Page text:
The US Figure Skating Championships were supposed to take place this week in San Jose in front of 17,000 spectators. Instead they’ll be staged inside a COVID bubble in Las Vegas with competitors performing in front of cardboard fans with piped-in applause at Orleans Arena. No standing ovations, no flowers or stuffed animals scattered around the ice. And no guarantee that there will be a World Championships for the medalists to attend.
“Competition is competition, and there is always a new variable that you don’t predict,” said Nathan Chen, the defending men’s titlist. Yet not since the nationals first were held in 1914 has there been a season with so many variables and so much uncertainty.
“A lot of us opted not to compete early in the year, or some people’s rinks were closed and they haven’t been able to train,” said Brighton resident Gabriella Izzo. “Some people are injured. People were off the ice for different amounts of time. It will definitely be a Nationals like no other.”
Yet the favorites haven’t changed. Chen, who won last year’s event by a whopping 37 points, will be bidding to become the first man to win five consecutive crowns since Dick Button claimed his seventh in 1952.
“Dick has been a name that’s been around forever,” said the 21-year-old Chen, who is unbeaten since the 2018 Olympics. “He definitely was a big source of inspiration growing up as a kid. That would be something that I could cherish dearly for the rest of my life if that was able to happen.”
Alysa Liu will be going after her third straight women’s title, last achieved by Michelle Kwan, who collected her eighth in a row in 2005. The 15-year-old Liu, who still isn’t old enough to compete in the world event, won by 10 points last time, landing two triple axels in her free skate.
“Alysa was incredible,” said runner-up Mariah Bell, who won last fall’s Skate America. “Her technical content was crazy.”
Last year’s top five finishers received byes this time. Everyone else had to qualify virtually after the in-person competitions were scrubbed, skating their programs in their own rinks and uploading the videos to a panel of national judges for scoring.
“It was weird and way more stressful than a normal competition,” said Izzo, who earned her return ticket by placing ninth in the US Championship Series. “We didn’t know who was signed up, how anyone did, whether everyone followed the rules.
“From the time you submitted until the time you found out was three or four weeks. It was very stressful having very little information for a very long time. We had literally no idea.”
When the results were posted last month, Izzo had made it along with Heidi Munger, her clubmate at the Academy at Mitchell Johansson Method in Revere. So did eight representatives of the Skating Club of Boston: Alex Krasnozhon, Maxim Naumov, Jimmy Ma, Hanna Harrell, and pairs Audrey Lu-Misha Mitrofanov and Emily Chan-Spencer Howe.
“They give me a benchmark of how it’s going to be, the programs and the energy they have,” said Naumov, last year’s junior champion. “It’s been motivating to train with them every day. They bring the best out of me.”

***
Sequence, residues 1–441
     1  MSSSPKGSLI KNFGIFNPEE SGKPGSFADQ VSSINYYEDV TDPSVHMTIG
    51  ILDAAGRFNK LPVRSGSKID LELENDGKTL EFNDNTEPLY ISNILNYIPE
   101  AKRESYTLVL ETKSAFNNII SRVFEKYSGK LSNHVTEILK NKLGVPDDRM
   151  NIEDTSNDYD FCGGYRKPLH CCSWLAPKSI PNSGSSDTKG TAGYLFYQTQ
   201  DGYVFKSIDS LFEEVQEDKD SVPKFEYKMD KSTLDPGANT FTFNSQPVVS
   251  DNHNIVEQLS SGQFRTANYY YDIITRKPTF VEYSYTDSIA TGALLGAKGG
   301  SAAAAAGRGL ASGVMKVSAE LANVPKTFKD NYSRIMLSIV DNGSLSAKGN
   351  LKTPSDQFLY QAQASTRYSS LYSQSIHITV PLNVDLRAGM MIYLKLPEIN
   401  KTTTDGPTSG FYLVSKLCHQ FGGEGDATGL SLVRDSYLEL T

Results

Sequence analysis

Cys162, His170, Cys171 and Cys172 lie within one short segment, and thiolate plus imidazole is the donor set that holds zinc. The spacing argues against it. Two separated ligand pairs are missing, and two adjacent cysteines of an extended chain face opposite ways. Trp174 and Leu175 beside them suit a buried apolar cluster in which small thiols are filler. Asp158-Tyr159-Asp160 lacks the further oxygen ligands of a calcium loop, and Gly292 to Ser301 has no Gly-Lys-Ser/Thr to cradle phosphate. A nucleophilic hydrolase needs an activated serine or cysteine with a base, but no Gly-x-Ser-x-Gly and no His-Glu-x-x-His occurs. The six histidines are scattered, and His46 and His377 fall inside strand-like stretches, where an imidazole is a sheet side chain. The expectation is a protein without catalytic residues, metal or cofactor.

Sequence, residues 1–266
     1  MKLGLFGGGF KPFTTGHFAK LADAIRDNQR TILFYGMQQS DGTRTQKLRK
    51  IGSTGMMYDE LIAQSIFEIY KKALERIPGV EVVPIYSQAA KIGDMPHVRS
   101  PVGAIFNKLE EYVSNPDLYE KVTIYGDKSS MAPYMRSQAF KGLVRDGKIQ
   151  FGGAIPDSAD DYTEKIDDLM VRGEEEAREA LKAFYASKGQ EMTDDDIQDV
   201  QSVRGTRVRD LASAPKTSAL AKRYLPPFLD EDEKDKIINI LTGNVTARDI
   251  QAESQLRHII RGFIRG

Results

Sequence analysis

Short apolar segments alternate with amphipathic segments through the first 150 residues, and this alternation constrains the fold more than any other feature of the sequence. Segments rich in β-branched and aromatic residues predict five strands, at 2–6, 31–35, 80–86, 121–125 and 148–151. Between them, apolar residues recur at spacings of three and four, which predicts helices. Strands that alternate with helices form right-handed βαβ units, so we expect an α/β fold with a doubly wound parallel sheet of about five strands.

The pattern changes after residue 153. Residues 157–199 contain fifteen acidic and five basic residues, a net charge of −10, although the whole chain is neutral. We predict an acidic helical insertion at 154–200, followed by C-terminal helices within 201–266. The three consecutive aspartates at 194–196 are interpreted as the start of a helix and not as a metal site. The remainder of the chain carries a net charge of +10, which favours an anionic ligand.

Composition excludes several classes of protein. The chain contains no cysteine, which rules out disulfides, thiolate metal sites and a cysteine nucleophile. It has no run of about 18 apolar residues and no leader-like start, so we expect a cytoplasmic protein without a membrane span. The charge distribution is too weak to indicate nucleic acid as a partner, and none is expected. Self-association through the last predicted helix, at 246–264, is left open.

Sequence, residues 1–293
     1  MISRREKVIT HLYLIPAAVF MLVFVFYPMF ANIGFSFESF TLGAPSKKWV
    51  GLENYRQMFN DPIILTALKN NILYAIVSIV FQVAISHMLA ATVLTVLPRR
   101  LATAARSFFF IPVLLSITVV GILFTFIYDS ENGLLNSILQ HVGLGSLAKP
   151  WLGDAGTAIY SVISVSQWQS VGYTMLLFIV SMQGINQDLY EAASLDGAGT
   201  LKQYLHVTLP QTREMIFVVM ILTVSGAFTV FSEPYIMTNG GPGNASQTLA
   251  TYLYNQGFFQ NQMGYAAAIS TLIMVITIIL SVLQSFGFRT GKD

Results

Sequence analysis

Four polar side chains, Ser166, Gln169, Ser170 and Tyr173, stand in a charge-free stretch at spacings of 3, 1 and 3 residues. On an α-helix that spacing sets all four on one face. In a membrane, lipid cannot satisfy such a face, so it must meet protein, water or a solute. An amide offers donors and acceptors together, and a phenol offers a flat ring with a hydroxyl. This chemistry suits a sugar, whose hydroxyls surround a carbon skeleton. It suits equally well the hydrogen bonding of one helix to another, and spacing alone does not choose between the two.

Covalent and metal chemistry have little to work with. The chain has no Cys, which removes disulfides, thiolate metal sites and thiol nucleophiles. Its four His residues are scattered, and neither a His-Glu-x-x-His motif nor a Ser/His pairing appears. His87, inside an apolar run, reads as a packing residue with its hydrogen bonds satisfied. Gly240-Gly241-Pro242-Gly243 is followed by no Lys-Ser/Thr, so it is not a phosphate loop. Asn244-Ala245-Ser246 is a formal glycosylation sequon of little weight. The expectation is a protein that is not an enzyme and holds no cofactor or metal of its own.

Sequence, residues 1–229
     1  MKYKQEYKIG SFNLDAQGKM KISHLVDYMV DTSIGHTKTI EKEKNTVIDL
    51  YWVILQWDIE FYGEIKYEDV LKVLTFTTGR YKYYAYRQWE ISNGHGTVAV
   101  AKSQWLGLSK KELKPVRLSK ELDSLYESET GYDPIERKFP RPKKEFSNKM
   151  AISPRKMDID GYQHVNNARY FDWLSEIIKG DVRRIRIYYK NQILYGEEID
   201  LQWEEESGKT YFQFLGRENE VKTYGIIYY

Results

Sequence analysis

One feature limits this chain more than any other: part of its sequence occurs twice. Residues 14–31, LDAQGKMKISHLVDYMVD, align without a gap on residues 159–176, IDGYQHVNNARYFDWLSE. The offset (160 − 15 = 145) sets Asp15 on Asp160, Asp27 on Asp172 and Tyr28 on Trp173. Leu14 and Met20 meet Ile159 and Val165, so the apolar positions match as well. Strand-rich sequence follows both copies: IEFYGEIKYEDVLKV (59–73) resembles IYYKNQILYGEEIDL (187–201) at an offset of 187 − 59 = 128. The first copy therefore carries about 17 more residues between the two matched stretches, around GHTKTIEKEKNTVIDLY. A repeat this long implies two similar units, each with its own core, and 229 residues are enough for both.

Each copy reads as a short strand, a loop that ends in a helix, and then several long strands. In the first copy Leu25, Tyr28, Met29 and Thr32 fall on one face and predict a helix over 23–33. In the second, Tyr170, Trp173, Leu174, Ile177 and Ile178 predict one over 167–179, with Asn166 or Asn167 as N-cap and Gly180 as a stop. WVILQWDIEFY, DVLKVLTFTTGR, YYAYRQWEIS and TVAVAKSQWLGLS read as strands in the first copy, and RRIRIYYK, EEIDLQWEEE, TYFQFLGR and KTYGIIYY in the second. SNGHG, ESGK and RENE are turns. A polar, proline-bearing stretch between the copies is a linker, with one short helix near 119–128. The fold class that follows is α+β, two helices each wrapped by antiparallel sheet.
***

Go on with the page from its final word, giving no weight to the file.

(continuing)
Naumov, Krasnozhon, and Ma all competed at Skate America and since have had uninterrupted training at the club’s new facility in Norwood.
“Not everyone had the same circumstances,” observed Naumov.
Which is why the form sheet for these Nationals is decidedly more unpredictable than usual.
“There’s definitely a chance for a lot of us to sneak up there,” reckoned Naumov. “It’s going to give us a chance to get a higher placement.”
While Liu still is the one to beat on the women’s side — which includes former champions Bradie Tennell, Gracie Gold, and Karen Chen — she is adjusting to a growth spurt and new coaches and is planning a less ambitious technical program. That could put her within range of Bell, Tennell, and Amber Glenn, all of whom outscored Liu at September’s virtual International Selection Pool Points Challenge.
The top two (other than Liu) will claim spots for the March World Championships in Stockholm, where they’ll both need to place among the top seven to earn a third entry for the US at next year’s Olympics in Beijing. But after last year’s global event in Montreal abruptly was canceled, nobody is assuming that it won’t happen again, particularly since Sweden is considering a lockdown amid a soaring coronavirus death toll.
“I would love to have Worlds,” said Chen, who’d be pursuing his third straight title. “But before every competition, I’m expecting that they’re going to cancel it.”
That’s how it has gone all season. Last month’s Grand Prix final in Beijing was scrubbed, as were this month’s European Championships in Croatia (for the first time since World War II), next month’s Four Continents Championships in Sydney, and the March Junior World Championships in China.
“It’s so up in the air,” said Bell, who placed ninth at the last Worlds. “Last year I thought, if Worlds can be canceled, anything can be canceled, even the Olympic Games.”
So the skaters are grateful to have a national championship this week anywhere under any conditions.
“It’ll be almost like for your own personal vindication,” said Izzo. “You went through everything and you made it here.”